US6550788Dec 13, 2000Apr 22, 2003Bayerische Motoren Werke AktiengesellschaftElectromechanical stabilizer for a vehicle chassis
US6637757Feb 28, 2002Oct 28, 2003American Axle & Manufacturing, Inc.Apparatus and method for coupling a disconnectable stabilizer bar system
US6651991Dec 18, 2001Nov 25, 2003Meritor Light Vehicle Technology, LlcActive anti-roll stop for stabilizer bar
US6805361 *Nov 20, 2002Oct 19, 2004Dr. Ing. H.C.F. Porsch AktiengesellschaftStabilizer arrangement for a motor vehicle
US6811166Dec 18, 2001Nov 2, 2004Meritor Light Vehicle Technology, LlcClutched stabilizer bar
US6874792May 27, 2002Apr 5, 2005ZF Lemförder Metallwaren AGStabilizer for a motor vehicle
US6948707Dec 9, 2003Sep 27, 2005The Timken CompanyStabilizer bar having variable torsional stiffness
US6951341May 18, 2000Oct 4, 2005Zf Lemforder Metallwaren Ag.Stabilizer for a motor vehicle
US6958030Sep 29, 2003Oct 25, 2005American Axle & Manufacturing, Inc.Electromagnetic locking differential assembly
US7100926Apr 25, 2005Sep 5, 2006Ina-Schaeffler KgRoll stabilizer with failsafe device for the chassis of a motor vehicle
US7121559Feb 11, 2003Oct 17, 2006Zf Lemforder Metallwaren AgStabiliser bar for a motor vehicle
US7134672Jul 23, 2003Nov 14, 2006Stoneridge Control Devices, Inc.Failsafe actuator
US7150458Mar 16, 2001Dec 19, 2006Zf Lemforder Metalwaren AgDivided stabilizer having an optimized spring rate
US7156406Apr 22, 2005Jan 2, 2007Ina- Schaeffler KgAnti-roll bar for the chassis of a motor vehicle
US7204494May 19, 2004Apr 17, 2007ZF Lemförder Metallwaren AGSplit stabilizer and process for establishing a toothed connection of the outer rotary part to one of the two stabilizer parts
US7207574 *Dec 18, 2003Apr 24, 2007The Timken CompanyStabilizer bar with variable torsional stiffness
US7287759Aug 25, 2004Oct 30, 2007Kabushiki Kaisha Hitachi SeisakushoStabilizer device
US7290772 *Mar 26, 2004Nov 6, 2007Aisin Seiki Kabushiki KaishaStabilizer control device for vehicle
US7309074Jul 19, 2005Dec 18, 2007Aisin Seiki Kabushiki KaishaStabilizer control device
US7344142 *Feb 10, 2005Mar 18, 2008Aisin Seiki Kabushiki KaishaStabilizer control apparatus
US20020125675 *Mar 6, 2001Sep 12, 2002Mark ClementsDecouplable link for a stabilizer bar
US20030137090 *Mar 16, 2001Jul 24, 2003Klaus ReichelDivided stabilizer having an optimized spring rate
US20040217568Aug 22, 2003Nov 4, 2004Mircea GraduStabilizer bar with variable torsional stiffness
US20040217569Dec 18, 2003Nov 4, 2004Mircea GraduStabilizer bar with variable torsional stiffness
US20050023789Jun 24, 2004Feb 3, 2005Aisin Seiki Kabushiki KaishaStabilizer control device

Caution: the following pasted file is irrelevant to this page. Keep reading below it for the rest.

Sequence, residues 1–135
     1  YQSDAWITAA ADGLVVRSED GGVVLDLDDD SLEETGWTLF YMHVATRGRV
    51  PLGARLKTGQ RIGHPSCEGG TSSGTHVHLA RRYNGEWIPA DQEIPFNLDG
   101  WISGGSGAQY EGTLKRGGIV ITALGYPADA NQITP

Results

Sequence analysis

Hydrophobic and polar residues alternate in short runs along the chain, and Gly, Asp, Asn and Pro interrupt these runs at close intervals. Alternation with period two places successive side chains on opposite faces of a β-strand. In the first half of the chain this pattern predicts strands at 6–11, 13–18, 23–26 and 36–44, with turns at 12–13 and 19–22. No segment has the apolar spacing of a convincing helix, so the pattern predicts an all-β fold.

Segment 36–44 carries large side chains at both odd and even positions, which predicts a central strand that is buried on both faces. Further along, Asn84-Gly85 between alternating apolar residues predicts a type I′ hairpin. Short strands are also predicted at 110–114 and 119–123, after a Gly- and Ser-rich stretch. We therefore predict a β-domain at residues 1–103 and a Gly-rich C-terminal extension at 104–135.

US20050179221Feb 14, 2005Aug 18, 2005Aisin Seiki Kabushiki KaishaStabilizer control apparatus
US20050206100Mar 17, 2005Sep 22, 2005Aisin Seiki Kabushiki KaishaStabilizer control apparatus
US20050212224Apr 25, 2005Sep 29, 2005Ina-Schaeffler KgRoll stabilizer for the chassis of a motor vehicle
US20050236793Mar 26, 2004Oct 27, 2005Aisin Seiki Kabushiki KaishaStabilizer control device for vehicle
US20060151964 *Mar 4, 2004Jul 13, 2006Toyota Jidosha Kabushiki KaishaSuspension system of vehicle
JPH03227713A Title not available
JPH03227714A Title not available
Referenced by
Citing PatentFiling datePublication dateApplicantTitle
US7909339 *Sep 21, 2010Mar 22, 2011American Axle & Manufacturing, Inc.Apparatus for coupling a disconnectable stabilizer bar
US8109522Jan 6, 2011Feb 7, 2012American Axle & Manufacturing, Inc.Apparatus and method for coupling a disconnectable stabilizer bar
US8167319 *Mar 16, 2010May 1, 2012Toyota Jidosha Kabushiki KaishaStabilizer apparatus for vehicle
US8613452 *Jun 22, 2009Dec 24, 2013Schaeffler Technologies AG & Co. KGElectromechanical actuator, especially for an anti-roll of a motor vehicle
US20100253019 *Mar 16, 2010Oct 7, 2010Toyota Jidosha Kabushiki KaishaStabilizer apparatus for vehicle
US20110057478 *Nov 26, 2008Mar 10, 2011Van Der Knaap Albertus Clemens MariaSuspension assembly for suspending a cabin of a truck or the like vehicle
US20110140378 *Jun 22, 2009Jun 16, 2011Schaeffler Technologies Gmbh & Co. KgElectromechanical actuator, especially for an anti-roll of a motor vehicle
US20130009374 *Jun 26, 2012Jan 10, 2013Schaeffler Technologies AG & Co. KGDivided roll stabilizer
Classifications
U.S. Classification280/5.511, 192/69.6, 267/188, 280/5.506, 280/124.152, 280/124.106, 280/124.107, 192/84.92, 267/277
International ClassificationB60G17/015
Cooperative ClassificationB60G2600/08, B60G21/106, B60G2800/012, B60G2202/42, F16D2300/18, F16D27/118, B60G2204/82, B60G2202/44, B60G2204/83, B60G17/0162, B60G2202/135, B60G2401/172, B60G2204/419, B60G3/20, B60G21/0556
European ClassificationB60G21/10C, B60G17/016F, B60G21/055B1B, F16D27/118, B60G3/20
Legal Events
DateCodeEventDescription
Apr 16, 2014FPAYFee payment
Year of fee payment: 4
Oct 29, 2007ASAssignment
Owner name: AMERICAN AXLE & MANUFACTURING, INC., MICHIGAN
Free format text: ASSIGNMENT OF ASSIGNORS INTEREST;ASSIGNORS:PINKOS, ANDREW F.;YORK, TODD M.;GILMORE, CURT D.;AND OTHERS;REEL/FRAME:020030/0398
Effective date: 20071026